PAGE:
Photo courtesy of: hydroponics.name
A basic system used for lettuces, greens and herbs, water culture systems place plants in an inert growing medium in perforated pots, mounted in a styrofoam raft, floating in a nutrient bath. Note that the solution needs to be aerated, manually with a whisk or via an air pump, to provide adequate oxygen to plants. Limited oxygenation restricts this method to short growing cycle crops. It is not suitable for longer season and vine crops.
Nutrient Film System (NTF):
In NTF systems, plants are supported in a growing medium within a trough. A constant flowing thin film or stream of nutrient solution is pumped from a reservoir into the trough. The solution passes through the medium into contact with the plant roots. The trough is angled to use gravity to move the solution back to the reservoir or into a separate container for other use.
Photo courtesy of: homehydrosystems.com
Wicking systems are simple and don’t require power. They are a popular classroom system for this reason. The plant tray is positioned close to and directly above the nutrient reservoir, to minimize nutrient and moisture transport distance. One end of the wick is in the nutrient reservoir, the other in the growing medium. Solution is transported by capillary action. This system is best for smaller, non-fruiting plants with lower moisture and nutrient requirements.
Ebb and Flow or Flood and Drain Method:
Photo courtesy of blogs.cuit.columbia.edu
Plants are supported in an inert medium, in a level tray. Nutrient solution is pumped into the tray, flooding it for a period of time, then allowing it to drain back to the reservoir. The cycles are typically automatically timed and intervals vary by system and plant.
Photo courtesy of: verticalfarm.altavista.org
Rather than bathe plants in solution, aeroponics periodically mists plant roots with nutrient solution. Plants are supported mechanically or in an inert medium while roots are allowed to grow down toward the misting nozzles.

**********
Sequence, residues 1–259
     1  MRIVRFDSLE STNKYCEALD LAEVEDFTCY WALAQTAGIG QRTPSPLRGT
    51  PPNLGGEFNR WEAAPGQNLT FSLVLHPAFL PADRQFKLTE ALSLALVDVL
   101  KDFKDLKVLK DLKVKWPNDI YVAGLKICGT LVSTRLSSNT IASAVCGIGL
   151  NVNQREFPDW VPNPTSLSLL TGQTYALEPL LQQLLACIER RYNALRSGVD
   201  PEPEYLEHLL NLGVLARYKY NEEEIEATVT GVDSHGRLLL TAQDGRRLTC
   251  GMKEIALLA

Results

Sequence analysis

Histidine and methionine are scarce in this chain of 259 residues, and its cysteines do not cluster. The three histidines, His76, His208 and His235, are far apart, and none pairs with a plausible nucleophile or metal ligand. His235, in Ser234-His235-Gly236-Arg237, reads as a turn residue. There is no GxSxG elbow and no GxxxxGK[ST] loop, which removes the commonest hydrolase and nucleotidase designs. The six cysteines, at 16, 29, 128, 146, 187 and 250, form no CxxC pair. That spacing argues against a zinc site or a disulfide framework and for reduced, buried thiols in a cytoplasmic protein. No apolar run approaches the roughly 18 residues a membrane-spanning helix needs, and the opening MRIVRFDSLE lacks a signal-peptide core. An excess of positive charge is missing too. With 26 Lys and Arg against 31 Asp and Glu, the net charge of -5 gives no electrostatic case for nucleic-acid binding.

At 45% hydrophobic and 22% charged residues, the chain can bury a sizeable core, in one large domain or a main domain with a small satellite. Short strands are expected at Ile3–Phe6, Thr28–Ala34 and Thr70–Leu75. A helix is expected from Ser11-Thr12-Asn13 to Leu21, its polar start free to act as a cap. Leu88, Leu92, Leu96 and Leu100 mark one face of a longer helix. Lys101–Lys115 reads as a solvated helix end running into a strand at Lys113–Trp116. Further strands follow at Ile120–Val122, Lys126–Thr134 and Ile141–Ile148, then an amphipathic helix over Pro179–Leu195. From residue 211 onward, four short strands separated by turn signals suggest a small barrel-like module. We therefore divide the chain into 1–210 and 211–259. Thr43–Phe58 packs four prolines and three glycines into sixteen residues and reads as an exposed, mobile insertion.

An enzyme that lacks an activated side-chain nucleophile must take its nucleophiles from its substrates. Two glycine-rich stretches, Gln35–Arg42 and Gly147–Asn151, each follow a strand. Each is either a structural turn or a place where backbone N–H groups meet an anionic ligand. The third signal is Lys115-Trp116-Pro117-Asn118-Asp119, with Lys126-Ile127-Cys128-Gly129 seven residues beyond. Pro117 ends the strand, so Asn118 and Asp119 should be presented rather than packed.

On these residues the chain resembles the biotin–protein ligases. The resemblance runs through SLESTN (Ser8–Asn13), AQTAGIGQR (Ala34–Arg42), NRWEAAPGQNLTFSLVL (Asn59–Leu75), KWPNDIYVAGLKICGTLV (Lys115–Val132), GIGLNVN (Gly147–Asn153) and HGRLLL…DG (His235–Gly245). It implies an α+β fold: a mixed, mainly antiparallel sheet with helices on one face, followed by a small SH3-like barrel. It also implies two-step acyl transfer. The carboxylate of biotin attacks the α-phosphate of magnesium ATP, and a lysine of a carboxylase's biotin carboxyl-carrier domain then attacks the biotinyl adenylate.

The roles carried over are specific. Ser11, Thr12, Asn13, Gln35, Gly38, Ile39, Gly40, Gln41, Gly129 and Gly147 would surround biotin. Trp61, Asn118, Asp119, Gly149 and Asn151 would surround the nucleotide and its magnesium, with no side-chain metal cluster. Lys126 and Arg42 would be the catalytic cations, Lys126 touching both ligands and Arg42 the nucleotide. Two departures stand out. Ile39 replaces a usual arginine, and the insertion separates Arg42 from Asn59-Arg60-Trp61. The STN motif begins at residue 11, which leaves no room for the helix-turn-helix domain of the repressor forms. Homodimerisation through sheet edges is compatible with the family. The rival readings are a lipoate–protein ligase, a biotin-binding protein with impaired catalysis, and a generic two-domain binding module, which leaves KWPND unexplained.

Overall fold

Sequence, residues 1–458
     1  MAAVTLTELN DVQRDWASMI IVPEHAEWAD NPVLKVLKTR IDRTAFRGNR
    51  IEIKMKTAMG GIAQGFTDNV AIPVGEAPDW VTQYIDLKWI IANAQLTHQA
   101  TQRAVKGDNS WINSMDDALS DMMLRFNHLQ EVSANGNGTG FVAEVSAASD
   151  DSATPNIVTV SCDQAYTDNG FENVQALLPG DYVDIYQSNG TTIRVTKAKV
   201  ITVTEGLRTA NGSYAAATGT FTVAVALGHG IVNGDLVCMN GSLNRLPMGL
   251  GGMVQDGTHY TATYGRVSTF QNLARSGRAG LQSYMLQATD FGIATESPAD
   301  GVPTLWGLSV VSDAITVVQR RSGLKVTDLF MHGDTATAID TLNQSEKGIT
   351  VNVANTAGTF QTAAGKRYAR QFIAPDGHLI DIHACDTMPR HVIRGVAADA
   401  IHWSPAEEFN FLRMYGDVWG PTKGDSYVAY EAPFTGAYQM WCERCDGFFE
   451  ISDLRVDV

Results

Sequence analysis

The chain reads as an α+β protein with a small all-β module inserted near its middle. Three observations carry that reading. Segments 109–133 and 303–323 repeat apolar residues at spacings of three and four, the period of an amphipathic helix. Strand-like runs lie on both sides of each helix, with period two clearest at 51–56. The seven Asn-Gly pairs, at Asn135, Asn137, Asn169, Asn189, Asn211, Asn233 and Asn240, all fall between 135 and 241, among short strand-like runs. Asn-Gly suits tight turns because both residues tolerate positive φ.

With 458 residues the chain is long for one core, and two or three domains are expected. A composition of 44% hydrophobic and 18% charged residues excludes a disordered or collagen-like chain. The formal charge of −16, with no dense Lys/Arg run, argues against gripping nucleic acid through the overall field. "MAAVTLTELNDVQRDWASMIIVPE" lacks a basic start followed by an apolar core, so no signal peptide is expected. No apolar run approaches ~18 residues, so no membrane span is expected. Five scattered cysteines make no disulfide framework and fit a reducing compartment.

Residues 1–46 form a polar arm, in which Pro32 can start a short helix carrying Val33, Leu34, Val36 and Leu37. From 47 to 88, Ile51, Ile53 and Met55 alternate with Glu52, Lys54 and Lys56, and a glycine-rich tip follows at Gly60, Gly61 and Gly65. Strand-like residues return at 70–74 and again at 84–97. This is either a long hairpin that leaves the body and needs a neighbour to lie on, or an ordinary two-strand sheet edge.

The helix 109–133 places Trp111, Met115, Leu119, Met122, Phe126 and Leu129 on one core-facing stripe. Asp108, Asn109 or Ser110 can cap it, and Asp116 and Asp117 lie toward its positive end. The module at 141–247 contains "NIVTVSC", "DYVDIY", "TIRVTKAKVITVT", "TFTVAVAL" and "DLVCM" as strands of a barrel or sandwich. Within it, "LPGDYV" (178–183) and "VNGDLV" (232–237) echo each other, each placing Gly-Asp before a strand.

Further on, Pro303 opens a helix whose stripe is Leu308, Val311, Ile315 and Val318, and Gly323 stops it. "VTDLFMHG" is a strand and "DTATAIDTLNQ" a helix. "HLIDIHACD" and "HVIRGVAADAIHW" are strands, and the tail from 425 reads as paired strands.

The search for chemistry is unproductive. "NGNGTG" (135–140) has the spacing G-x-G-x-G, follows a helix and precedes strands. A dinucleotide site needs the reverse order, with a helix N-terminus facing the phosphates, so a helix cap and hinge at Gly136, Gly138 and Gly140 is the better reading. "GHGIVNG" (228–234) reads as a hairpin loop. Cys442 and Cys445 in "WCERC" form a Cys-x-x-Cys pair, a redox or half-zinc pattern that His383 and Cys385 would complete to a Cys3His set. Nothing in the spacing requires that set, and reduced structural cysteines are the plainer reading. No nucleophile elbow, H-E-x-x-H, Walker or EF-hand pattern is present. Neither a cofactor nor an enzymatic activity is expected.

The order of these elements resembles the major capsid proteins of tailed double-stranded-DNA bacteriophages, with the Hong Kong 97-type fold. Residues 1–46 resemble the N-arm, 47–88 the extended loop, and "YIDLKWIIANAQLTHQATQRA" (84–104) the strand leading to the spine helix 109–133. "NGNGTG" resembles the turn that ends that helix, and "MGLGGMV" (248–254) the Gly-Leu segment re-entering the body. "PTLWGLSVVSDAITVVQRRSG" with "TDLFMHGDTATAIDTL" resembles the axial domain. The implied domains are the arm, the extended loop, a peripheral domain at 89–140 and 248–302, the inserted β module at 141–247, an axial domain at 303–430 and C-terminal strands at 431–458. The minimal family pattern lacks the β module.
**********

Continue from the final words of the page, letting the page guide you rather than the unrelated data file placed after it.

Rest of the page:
Drip or Trickle Feed Systems
Drip feed systems pump nutrient from a reservoir through small tubes that provide a regular drip irrigation to plants supported in an inert medium. Excess can be recycled and air is pumped into the reservoir to keep the solution aerated. It is important to prevent water pooling at the trough bottom to prevent root rot. Choice of medium should be based on the plant’s drainage preferences.
Choosing a Hydroponic Technique
The crop to be grown is key to determining which system is most appropriate. Lettuces, arugula, bok choy and basil, for example, which have a crop cycle of 1 to 2 months, can be grown in a water culture system. Longer term crops like vining crops and plants that like sandy or well drained soils need a system that regularly drains nutrients and exposes roots to air. Ebb and Flow or Drip systems are more appropriate for these crops. Aeroponic systems can be effective for many crops; however, they are more complex to manage and require a higher process management commitment from the gardener.
There are a variety of soilless growing media used in both seed germination and in hydroponic growing systems. Their common characteristic is that they are inert or very slow to decompose to avoid affecting the nutrient delivery while providing a support structure for the plants.
Most gardeners are familiar with soilless media used for seed germination. Peat, vermiculite and pearlite are typical and these materials are also used in hydroponic applications. Other inert, or slow-to-decompose materials like rock wool, coconut fiber, and a lightweight expanded clay aggregate called “grow rocks” are also widely used. The best choice depends on the hydroponic system, the plants to be grown and medium characteristics like moisture and nutrient holding capacity, aeration, particle size and wicking action. Descriptions of these media and their characteristics are available on line or from hydroponics suppliers.